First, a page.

For cupcakes, place cupcake liners into two cupcake pans, and fill with batter. Bake at 300 degrees for 45-50 minutes. (When they are done, a toothpick poked into the center of a cupcake will come out clean.) Yields 24 cupcakes.

For a larger cake, bake at 300 degrees in a greased pan for one hour.

Cream Cheese Frosting

Mix together:

  • 1 lb confectioner’s sugar
  • 1 8-oz. container of cream cheese
  • 1 tsp vanilla
Frost cool cake.
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Bloody Mary two ways

Two Bloody Mary recipes

Bloody Marys are a long standing Christmas morning Doughtie tradition, and we West Coast Doughties we make them two ways: the hard core Clamato version, which is a recipe handed down from Gavin’s mom, and the Spicy V-8 version, which comes from a friend of mine. One day, I may reach Clamato-level Bloody Mary enlightenment, but I’m a beginner Bloody Mary drinker, and the Spicy V-8 version goes down easier for me.

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Bloody Mary (Clamato version)

  • 1 (32 oz.) jar clamato juice
  • 1 tsp. salt
  • 1/2 oz. celery salt
  • 1/2 oz. Worcestershire sauce
  • 3 oz. lemon juice
  • Angostura bitters
  • Tabasco sauce
  • 1 tsp. onion juice (very optional)

Combine first four ingredients. Add Tabasco and bitters to taste. To obtain onion juice, squeeze 1/4 med. onion in a garlic press and use juice and pulp to get 1 tsp.

Mix all ingredients together with a whisk or spoon. Pour over booze and ice and squeeze a fresh lime wedge over the top. Garnish with a celery stalk.

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Bloody Mary (Spicy V-8 version)

  • Ice
  • Vodka
  • Spicy V-8
  • Fresh bright green celery stalk
  • Tabasco sauce
  • 1 tablespoon fresh horseradish
  • 2 teaspoons Worcestershire sauce
  • 1/4 lemon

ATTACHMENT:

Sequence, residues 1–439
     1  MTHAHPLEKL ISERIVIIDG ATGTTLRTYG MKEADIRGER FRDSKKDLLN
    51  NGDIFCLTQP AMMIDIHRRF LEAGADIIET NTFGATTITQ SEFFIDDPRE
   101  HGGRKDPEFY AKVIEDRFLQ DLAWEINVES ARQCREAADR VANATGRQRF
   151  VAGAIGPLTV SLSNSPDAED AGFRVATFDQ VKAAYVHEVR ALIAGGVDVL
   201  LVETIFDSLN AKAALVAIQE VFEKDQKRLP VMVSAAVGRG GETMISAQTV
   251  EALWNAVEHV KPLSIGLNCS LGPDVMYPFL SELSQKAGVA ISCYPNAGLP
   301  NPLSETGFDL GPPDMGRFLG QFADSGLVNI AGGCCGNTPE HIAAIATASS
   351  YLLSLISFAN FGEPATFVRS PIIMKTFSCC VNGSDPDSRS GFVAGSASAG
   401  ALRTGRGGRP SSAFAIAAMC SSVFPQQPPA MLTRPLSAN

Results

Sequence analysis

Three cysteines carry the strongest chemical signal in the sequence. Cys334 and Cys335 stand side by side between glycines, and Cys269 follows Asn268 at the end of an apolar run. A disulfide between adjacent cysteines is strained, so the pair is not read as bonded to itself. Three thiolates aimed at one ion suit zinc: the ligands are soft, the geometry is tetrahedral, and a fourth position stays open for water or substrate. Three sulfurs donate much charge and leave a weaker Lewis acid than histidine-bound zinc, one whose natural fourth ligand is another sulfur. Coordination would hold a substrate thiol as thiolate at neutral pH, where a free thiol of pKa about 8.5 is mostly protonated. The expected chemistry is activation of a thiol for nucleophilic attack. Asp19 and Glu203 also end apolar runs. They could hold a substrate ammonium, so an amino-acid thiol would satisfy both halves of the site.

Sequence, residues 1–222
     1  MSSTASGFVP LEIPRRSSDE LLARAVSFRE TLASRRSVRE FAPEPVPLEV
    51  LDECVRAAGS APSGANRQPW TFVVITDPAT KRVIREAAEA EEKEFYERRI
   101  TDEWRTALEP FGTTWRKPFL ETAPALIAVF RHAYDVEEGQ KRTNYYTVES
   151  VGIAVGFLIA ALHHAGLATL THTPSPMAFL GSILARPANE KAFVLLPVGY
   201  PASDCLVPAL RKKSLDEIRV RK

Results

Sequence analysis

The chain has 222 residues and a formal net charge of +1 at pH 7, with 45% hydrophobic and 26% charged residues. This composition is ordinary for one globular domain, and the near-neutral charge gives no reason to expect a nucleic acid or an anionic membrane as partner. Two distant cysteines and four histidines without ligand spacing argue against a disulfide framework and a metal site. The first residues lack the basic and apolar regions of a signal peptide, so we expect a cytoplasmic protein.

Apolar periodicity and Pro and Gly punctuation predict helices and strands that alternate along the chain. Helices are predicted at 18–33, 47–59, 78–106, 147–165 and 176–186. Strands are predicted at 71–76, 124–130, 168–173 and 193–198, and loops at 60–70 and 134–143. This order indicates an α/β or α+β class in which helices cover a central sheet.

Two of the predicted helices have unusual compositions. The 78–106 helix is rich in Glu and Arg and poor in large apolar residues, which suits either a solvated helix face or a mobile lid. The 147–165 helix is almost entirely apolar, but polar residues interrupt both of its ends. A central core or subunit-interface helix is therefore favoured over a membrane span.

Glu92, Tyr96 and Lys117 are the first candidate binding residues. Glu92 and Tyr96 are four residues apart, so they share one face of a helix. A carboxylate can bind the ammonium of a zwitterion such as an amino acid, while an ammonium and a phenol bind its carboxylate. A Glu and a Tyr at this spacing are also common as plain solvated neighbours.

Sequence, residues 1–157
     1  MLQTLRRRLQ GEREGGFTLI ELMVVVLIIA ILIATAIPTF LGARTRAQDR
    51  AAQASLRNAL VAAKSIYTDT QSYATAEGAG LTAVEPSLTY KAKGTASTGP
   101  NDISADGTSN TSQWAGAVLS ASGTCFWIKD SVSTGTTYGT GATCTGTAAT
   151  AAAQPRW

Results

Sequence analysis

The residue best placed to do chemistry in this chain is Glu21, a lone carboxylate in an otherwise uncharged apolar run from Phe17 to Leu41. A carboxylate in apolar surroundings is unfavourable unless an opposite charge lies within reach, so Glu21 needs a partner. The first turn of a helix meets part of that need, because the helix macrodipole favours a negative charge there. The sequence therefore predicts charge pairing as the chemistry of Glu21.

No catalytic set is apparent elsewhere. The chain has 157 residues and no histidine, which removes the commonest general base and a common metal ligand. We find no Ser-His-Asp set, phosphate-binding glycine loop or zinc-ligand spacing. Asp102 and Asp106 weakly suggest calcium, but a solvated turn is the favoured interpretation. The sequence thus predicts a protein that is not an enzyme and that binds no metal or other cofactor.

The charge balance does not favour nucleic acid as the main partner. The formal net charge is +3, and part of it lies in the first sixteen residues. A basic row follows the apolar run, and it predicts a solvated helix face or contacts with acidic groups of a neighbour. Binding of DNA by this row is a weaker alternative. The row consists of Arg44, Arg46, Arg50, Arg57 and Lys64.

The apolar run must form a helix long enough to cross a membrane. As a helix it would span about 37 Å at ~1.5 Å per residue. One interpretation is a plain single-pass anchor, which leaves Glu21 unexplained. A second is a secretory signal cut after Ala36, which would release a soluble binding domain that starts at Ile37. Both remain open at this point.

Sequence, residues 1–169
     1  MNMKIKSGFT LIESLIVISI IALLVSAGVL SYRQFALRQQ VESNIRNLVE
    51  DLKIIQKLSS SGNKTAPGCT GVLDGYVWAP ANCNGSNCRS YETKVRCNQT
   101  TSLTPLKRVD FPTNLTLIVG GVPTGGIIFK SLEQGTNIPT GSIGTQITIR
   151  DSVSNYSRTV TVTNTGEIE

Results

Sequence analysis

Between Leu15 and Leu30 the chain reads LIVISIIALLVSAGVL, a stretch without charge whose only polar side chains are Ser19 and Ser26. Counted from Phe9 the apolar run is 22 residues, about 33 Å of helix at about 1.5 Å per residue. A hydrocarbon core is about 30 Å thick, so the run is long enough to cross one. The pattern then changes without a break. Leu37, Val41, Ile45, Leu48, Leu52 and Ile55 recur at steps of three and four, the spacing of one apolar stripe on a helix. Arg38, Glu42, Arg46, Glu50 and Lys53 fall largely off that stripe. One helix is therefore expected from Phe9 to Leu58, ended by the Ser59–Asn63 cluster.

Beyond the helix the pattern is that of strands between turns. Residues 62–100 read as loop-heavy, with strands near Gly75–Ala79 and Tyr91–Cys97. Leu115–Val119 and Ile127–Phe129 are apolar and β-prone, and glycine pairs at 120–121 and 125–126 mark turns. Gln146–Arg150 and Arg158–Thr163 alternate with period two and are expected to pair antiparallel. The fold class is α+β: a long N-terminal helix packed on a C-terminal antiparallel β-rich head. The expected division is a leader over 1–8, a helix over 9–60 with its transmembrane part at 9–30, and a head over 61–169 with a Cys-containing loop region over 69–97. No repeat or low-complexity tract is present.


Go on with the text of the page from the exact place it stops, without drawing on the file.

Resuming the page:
• Fresh pepper

Fill glass half-way with ice.

Fill glass 1/3 of the way with vodka.

Pour Spicy V-8 over the vodka to fill glass a total 5/6 of the way full.

Add a minimum of 9 shakes of Tabasco (or more to taste).

Add 1 tablespoon fresh horseradish.

Add 2 teaspoons Worcestershire sauce.

Squeeze juice from 1/4 lemon into the glass, then drop squeezed lemon into glass.

Stir with a fresh, crisp, bright green celery stalk.

Sprinkle with pepper.

Adjust to taste.

Originally posted on The DHX.

Chocolate chip cookies

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Chocolate Chip Cookies (the Nestle Toll House recipe with a few notes)

  • 2-1/4 cups all-purpose flour (My mom taught me never to scoop the flour out of the jar with the measuring cup, but to spoon the flour lightly into the measuring cup, and then to use a knife edge to brush any flour that pokes above the top of the measure cup back off into the flour jar. She also taught me never to pack the flour into the measuring cup.)
  • 1 tsp. baking soda
  • 1 tsp. salt
  • 1 cup (2 sticks) butter, softened (Softening the butter — getting it out of the refrigerator a few hours before cooking and letting it come to room temperature — makes a big difference in this recipe. They come out soft and thin, with chocolate chips poking out in little bumps, and they stay soft, which to me is chocolate chip cookie perfection.)
  • 3/4 cup granulated sugar
  • 3/4 cup packed brown sugar (dark brown sugar is especially good)
  • 1 tsp. vanilla extract
  • 2 large eggs
  • 2 cups (12-oz. pkg.) semi-sweet chocolate chips
  • (This recipe also calls for 1 cup chopped nuts, I don’t like them so I leave them out.)

Preheat the oven to 375 degrees.

Sift or wisk flour, baking soda and salt together in a small bowl. Beat butter, sugars and vanilla extract in a separate large mixer bowl until creamy. Beat in eggs, one at a time. Beat in flour mixture a little bit at a time. Stir in chocolate chips. Put rounded spoonfuls onto ungreased baking sheets.

Bake for 9 to 11 minutes. Cool on wire racks.